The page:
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Finding ΔHvap of water from graph of ln (p of H2O in atm) versus 1/T

  1. Dec 12, 2011 #1
    1. From a lab experiment, I measured the volume of trapped air at various temperatures. I know I did calculations correctly up to the point that I drew the linear relationship between ln (p of H2O in atm) to 1/T (in Kelvin). My textbook says the slope of this graph is supposed to equal -ΔHvap/R, but the first thing that's confusing me is that I don't know what the units are and the second thing that's confusing me is just that the numbers don't work out. The slope of the line in this graph is -5158.73, but I don't understand how units fit into this. As I've said, the y-axis is ln (p of H2O in atm) and the x-axis is 1/T (in Kelvin).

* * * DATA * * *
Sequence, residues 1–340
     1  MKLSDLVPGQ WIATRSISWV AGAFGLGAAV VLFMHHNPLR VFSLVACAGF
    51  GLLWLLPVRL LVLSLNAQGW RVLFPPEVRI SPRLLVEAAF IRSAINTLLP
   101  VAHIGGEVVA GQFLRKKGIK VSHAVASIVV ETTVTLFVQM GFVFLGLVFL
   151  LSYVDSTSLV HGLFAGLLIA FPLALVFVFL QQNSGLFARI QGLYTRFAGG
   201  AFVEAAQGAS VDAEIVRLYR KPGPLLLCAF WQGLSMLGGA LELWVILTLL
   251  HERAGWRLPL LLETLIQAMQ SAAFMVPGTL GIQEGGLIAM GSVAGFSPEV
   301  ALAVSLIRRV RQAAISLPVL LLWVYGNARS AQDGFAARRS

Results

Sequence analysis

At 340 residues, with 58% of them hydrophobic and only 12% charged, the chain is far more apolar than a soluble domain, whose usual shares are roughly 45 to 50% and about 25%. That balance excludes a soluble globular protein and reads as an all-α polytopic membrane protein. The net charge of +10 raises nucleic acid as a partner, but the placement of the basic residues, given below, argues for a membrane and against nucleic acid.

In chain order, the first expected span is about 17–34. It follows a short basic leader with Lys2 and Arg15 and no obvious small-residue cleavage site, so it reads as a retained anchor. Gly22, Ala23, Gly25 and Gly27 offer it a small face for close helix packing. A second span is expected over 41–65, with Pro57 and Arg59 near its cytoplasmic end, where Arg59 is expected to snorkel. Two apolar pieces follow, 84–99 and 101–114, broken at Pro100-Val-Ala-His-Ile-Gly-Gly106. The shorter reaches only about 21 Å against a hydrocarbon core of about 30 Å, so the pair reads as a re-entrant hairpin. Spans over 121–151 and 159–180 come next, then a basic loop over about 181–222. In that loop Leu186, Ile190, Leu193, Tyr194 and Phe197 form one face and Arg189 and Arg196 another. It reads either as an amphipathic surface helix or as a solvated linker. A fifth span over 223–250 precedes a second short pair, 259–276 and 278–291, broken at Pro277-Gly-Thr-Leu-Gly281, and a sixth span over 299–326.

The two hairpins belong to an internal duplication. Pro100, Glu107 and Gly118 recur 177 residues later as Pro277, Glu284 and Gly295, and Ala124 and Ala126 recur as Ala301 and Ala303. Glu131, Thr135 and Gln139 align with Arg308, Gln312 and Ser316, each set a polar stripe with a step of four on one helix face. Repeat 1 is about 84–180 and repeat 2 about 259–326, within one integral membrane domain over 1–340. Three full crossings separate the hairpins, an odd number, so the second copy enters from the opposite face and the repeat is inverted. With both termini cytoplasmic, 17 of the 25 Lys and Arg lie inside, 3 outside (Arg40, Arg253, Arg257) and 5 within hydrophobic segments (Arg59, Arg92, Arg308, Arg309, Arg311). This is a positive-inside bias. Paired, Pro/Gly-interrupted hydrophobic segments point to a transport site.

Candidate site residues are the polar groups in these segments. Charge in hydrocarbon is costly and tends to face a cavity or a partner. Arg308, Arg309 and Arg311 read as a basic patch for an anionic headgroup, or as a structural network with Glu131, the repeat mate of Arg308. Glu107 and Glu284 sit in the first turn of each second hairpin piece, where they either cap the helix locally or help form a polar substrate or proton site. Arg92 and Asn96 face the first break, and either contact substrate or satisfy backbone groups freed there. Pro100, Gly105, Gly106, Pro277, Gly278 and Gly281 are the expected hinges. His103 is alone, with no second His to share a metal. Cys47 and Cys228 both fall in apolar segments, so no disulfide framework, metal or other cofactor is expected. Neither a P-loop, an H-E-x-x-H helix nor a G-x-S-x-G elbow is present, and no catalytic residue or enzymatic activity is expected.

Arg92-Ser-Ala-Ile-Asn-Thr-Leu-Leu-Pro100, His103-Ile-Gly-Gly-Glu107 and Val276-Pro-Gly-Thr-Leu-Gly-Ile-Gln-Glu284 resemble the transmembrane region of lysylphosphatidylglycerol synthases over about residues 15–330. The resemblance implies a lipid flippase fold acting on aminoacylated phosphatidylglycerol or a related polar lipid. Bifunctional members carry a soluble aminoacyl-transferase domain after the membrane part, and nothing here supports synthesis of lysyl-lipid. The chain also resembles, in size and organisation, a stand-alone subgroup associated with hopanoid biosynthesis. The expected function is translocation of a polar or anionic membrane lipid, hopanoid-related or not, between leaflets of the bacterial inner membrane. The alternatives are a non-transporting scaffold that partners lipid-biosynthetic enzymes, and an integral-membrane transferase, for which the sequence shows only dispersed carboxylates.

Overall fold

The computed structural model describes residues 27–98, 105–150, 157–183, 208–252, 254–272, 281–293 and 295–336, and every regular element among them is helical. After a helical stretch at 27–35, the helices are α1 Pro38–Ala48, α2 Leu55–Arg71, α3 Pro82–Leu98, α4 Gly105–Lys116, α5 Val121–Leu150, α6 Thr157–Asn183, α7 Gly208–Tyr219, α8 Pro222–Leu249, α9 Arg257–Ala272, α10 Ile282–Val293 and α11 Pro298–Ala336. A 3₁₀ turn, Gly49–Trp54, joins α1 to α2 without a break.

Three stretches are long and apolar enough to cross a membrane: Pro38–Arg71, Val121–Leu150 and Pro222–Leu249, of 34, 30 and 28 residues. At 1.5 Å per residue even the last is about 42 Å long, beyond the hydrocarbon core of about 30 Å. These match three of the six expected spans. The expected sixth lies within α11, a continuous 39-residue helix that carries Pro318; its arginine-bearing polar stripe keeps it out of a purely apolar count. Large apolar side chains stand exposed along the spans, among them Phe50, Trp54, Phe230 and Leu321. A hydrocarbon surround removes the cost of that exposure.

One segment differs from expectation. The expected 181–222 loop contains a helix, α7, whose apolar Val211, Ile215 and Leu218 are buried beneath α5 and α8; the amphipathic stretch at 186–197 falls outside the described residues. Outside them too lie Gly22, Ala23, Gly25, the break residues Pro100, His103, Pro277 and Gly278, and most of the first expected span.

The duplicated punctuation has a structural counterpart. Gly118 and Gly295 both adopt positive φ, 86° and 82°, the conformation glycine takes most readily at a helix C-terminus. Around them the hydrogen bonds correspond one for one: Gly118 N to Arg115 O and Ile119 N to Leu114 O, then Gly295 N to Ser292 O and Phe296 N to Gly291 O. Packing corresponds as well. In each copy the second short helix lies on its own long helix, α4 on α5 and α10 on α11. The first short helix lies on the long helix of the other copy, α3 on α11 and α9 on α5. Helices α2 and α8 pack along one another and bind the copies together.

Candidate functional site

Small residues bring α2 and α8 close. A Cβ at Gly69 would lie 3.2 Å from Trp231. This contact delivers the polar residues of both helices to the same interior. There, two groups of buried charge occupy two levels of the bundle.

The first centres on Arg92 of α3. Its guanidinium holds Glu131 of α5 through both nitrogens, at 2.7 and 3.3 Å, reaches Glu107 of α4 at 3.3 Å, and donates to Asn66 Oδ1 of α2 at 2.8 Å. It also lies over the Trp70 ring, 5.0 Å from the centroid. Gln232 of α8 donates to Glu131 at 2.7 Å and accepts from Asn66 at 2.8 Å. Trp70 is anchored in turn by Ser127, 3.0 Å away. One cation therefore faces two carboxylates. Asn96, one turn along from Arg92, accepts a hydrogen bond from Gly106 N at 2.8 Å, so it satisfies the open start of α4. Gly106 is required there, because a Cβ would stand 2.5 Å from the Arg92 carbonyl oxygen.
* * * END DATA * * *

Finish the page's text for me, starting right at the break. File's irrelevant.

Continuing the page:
2. I don't...know what to put in this section.



    3. If the slope is equal to -ΔHvap/R, then...
    -5158.73 = -ΔHvap/R
    ΔHvap = 5158.73 * 0.08206 (Again, I have no idea where my units are!!)
    ΔHvap = 423.3 *something*


    I appreciate any help; thank you!
     
  2. jcsd
  3. Dec 13, 2011 #2
    You're on the right track, you just need to get your units right. Your slope (-ΔH/R) has to be in K because your x-coordinates are in 1/K; their product needs to be dimensionless to agree with ln(P).

    With consistent units:

    lnP = -(H/R)*T
    [unitless]= -([J/mol] / [J/mol K]) * (1/K)

    So if you use R=8.314 J / mol K,
    you should get -ΔHvap = 8.314 * -5158.73 J/mol
     
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